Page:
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Fair use is a limitation to the rights of copyright ownership.
An individual who has created works that can be copyrighted has certain protections for that work.  For example, they have the right to limit who may reproduce their work, and how that work may be reproduced.
However, "fair use" is an exception to their ability to control the usage of their work. The doctrine of fair use has developed through a substantial number of court decisions over the years and has been codified the copyright law.
Factors considered in determining fair use
Section 107 of the copyright law contains a list of various purposes for which the reproduction of a particular work may be considered fair, such as criticism, comment, news reporting, teaching, scholarship, and research. Section 107 also sets out four factors to be considered in determining whether or not a particular use is fair:
- The purpose and character of the use, including whether such use is of commercial nature or is for nonprofit educational purposes
- The nature of the copyrighted work
- The amount and substantiality of the portion used in relation to the copyrighted work as a whole
- The effect of the use upon the potential market for, or value of, the copyrighted work
Fair use vs. Infringement
The distinction between fair use and infringement may be unclear and not easily defined. There is no specific number of words, lines, or notes that may safely be taken without permission.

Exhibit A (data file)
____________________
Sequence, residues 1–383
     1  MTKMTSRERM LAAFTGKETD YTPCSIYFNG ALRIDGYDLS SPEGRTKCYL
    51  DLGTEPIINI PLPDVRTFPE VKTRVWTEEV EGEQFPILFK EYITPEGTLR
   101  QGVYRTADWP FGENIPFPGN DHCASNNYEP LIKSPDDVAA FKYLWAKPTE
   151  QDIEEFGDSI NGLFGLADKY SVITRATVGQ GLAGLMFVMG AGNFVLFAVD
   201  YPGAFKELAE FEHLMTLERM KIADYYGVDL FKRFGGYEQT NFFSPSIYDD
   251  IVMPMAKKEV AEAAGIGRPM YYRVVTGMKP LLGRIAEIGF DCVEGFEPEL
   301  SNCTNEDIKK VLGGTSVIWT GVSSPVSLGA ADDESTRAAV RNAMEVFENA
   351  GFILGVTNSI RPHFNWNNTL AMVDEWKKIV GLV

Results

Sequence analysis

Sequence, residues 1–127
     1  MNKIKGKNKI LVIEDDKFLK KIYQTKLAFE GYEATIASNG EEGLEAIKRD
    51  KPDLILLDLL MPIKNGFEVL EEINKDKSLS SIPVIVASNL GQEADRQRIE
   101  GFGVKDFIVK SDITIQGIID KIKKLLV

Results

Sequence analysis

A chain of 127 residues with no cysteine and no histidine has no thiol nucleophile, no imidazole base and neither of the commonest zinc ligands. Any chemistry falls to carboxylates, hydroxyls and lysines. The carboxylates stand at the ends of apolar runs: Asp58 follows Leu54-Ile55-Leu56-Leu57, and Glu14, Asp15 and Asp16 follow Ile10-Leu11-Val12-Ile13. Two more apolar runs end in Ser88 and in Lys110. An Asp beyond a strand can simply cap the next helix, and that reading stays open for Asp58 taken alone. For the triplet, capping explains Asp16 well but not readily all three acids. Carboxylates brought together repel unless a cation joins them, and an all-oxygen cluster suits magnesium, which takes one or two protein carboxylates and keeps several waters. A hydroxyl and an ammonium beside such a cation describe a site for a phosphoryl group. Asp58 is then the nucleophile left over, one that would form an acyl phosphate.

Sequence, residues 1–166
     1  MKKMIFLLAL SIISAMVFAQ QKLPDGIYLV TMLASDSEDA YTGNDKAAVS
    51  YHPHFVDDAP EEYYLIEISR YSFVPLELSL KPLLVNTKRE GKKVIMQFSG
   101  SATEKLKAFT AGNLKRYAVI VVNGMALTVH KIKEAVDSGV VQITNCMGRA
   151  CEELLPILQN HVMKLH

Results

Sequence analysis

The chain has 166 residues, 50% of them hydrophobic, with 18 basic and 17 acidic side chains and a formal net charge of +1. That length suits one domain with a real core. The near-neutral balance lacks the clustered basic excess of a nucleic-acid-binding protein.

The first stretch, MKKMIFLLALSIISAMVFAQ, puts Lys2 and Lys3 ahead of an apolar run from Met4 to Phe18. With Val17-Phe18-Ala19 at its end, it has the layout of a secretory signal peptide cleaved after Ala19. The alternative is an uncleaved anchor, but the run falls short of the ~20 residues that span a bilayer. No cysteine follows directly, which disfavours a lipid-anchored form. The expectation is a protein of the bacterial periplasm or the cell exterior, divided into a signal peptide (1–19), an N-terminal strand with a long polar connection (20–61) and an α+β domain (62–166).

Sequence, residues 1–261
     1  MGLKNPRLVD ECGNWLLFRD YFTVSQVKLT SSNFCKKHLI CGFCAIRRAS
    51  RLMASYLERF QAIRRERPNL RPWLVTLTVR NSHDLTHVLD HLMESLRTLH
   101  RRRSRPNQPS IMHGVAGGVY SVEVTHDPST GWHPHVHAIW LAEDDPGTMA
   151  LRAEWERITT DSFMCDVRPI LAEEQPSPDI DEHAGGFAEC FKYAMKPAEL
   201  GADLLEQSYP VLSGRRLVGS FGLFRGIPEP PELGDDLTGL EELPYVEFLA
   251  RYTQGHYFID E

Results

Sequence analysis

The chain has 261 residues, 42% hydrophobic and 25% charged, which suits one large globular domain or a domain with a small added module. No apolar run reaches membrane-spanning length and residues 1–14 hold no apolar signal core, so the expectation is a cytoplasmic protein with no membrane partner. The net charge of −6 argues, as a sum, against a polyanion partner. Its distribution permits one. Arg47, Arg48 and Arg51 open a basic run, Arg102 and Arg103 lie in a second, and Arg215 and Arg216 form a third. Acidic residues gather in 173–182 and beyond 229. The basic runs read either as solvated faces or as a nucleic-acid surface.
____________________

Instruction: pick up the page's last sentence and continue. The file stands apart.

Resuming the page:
Acknowledging the source of the copyrighted material does not substitute for obtaining permission.
The 1961 Report of the Register of Copyrights on the General Revision of the U.S. Copyright Law cites examples of activities that courts have regarded as fair use:
- Quotation of excerpts in a review or criticism for purposes of illustration or comment
- Quotation of short passages in a scholarly or technical work, for illustration or clarification of the author’s observations
- Use in a parody of some of the content of the work parodied
- Summary of an address or article, with brief quotations, in a news report
- Reproduction by a library of a portion of a work to replace part of a damaged copy
- Reproduction by a teacher or student of a small part of a work to illustrate a lesson
- Reproduction of a work in legislative or judicial proceedings or reports
- incidental and fortuitous reproduction, in a newsreel or broadcast, of a work located in the scene of an event being reported.
General rules and recommendations
Copyright protects the particular way an author has expressed himself. It does not extend to any ideas, systems, or factual information conveyed in the work.
The safest course is always to get permission from the copyright owner before using copyrighted material.
The U.S. Copyright Office cannot give this permission.
When it is impracticable to obtain permission, use of copyrighted material should be avoided unless the doctrine of fair use would clearly apply to the situation. The Copyright Office can neither determine if a certain use may be considered fair nor advise on possible copyright violations. If there is any doubt, it is advisable to consult an attorney.